Rizzo treated 54 patients with cyst and osteophyte excision. At a minimum 2-year follow-up, no recurrences were reported and nail deformities resolved in 25 of 31 patients without a new occurrence. Similar results were reported by Fritz, who excised 86 cysts and osteophytes. In this study, with a mean 2.6-year follow-up, three of 86 cysts recurred. Nail deformities resolved in 60% of patients but 7% were left with a new postoperative nail deformity.
In a study of cyst excision without osteophyte excision, seven of 25 patients developed a recurrence. Similar results were reported in another study demonstrating recurrence in five of 18 patients.
Aspiration and corticosteroid injection was evaluated by the previously cited Rizzo. The author noted a 40% recurrence rate in 800 cysts that were followed for a minimum of 2 years. Another study reported a 36% recurrence rate with steroid injection. One could use an 18- to 22-gauge needle; drain the contents and then leave the cyst with or without pressure bandage to theoretically prevent the area from filling back up.
In our experience, the best results with the lowest rates of recurrence have been with cyst excision and concurrent osteophyte debridement.
Other options include ablative lasers with endpoints as seen in surgical treatments, but may be more difficult to delineate due to the heat destruction of tissue. Cryotherapy would be nonselective destruction of the area with caution needed due to the unknown depth of freezing. Neither of these techniques is recommended for routine treatment of digital mucous cysts.
Patients should be advised that mucous cysts are benign lesions and surgical excision is an elective procedure. Additionally, patients should be cautioned regarding the limitations of treatment. Aspiration is generally not recommended, as recurrence rates are high and the risk of bacterial contamination exists. Regardless of the treatment modality, recurrence and/or development of a new lesion in the same digit may occur. Complete pain relief may not be achieved due to the underlying arthritic joint.
Unusual Clinical Scenarios to Consider in Patient Management
In the setting of mucous cyst infection, broad-spectrum antibiotics should be started immediately. Consultation with a hand surgeon is critical as cyst infection can rapidly progress to septic arthritis of the DIPJ, with potential dire consequences for future digit function. In extreme cases of infection with digital edema, fasciotomy of the forearm may be necessary to maintain vascularity of the digit (Figure 5).
What is the Evidence?
Nahra, ME, Bucchieri, JS. “Ganglion cysts and other tumor-related conditions of the hand and wrist”. Hand Clin. vol. 20. 2004. pp. 249-60. (A comprehensive review of the variety of ganglion cysts of the hand and wrist.)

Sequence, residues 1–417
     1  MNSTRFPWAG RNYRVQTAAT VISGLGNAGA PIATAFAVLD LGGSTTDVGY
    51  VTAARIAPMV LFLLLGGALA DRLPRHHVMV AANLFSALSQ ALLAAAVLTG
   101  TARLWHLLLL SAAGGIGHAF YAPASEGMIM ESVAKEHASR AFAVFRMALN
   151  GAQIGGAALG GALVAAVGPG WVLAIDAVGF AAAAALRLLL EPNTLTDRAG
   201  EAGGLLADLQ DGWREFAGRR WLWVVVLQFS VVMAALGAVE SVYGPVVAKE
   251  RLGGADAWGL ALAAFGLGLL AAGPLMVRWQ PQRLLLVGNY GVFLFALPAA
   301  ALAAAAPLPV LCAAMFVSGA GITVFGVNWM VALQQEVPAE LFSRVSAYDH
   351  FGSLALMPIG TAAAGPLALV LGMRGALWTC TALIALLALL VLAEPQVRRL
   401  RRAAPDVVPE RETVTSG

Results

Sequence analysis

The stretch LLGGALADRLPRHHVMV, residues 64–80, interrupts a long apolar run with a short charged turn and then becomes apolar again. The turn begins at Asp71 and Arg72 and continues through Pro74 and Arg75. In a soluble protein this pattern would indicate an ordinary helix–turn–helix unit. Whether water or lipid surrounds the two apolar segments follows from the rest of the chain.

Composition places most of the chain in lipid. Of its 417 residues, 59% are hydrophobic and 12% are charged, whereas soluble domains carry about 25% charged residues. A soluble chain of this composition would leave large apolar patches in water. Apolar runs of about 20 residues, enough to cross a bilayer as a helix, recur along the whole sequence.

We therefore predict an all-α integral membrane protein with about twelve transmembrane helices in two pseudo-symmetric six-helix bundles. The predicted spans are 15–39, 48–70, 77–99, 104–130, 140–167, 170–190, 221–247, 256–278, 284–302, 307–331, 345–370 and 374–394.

Budoff, JE. “Mucous cysts”. J Hand Surg. vol. 35A. 2010. pp. 828-30. (A review of the current methods for the treatment of mucous cysts.)
Newmeyer, WL, Kilgore, ES, Graham, WP. “Mucous cysts: The dorsal distal interphalangeal joint ganglion”. Plastic Reconstruct Surg. vol. 53. 1974. pp. 313-5. (The original description of the Newmeyer test for locating mucous cyst pedicles with methylene blue injection.)
Rizzo, M, Beckenbaugh, R. “Treatment of mucus cysts of the fingers: Review of 134 cases with minimum 2 year follow-up”. J Hand Surg. vol. 28A. 2003. pp. 519-24. (A comparison study of aspiration and injection versus surgical excision in 80 and 54 patients respectively.)
Constant, E, Royer, JR, Pollard, RJ. “Mucus cysts of the fingers”. Plastic Reconstruct Surg. vol. 43. 1969. pp. 241-6. (A review of the incidence, epidemiology, clinical characteristics and pathogenesis of mucous cysts.)
Drapé, JL, Idy-Peretti, I, Goettmann, S, Salon, A, Abimelec, P, Guérin-Surville, H. “MR imaging of digital mucoid cysts”. Radiology. vol. 200. 1996. pp. 531-6. (An assessment of MR imaging in the diagnosis and clarification of mucous cysts.)
Crawford, RJ. “Mucous cyst of the distal interphalangeal joint: Treatment by simple excision or excision and rotation flap”. J Hand Surg (Br). vol. 15B. 1990. pp. 113-4. (A single institution’s review of the surgical excision of mucous cysts and the recurrence rate.)
Kasdan, ML, Stallings, SP, Leis, VM, Wolens, D. “Outcome of surgically treated mucous cysts of the hand”. J Hand Surg. vol. 19A. 1994. pp. 504-7. (A single institution review of the surgical excision of mucous cysts and associated complications.)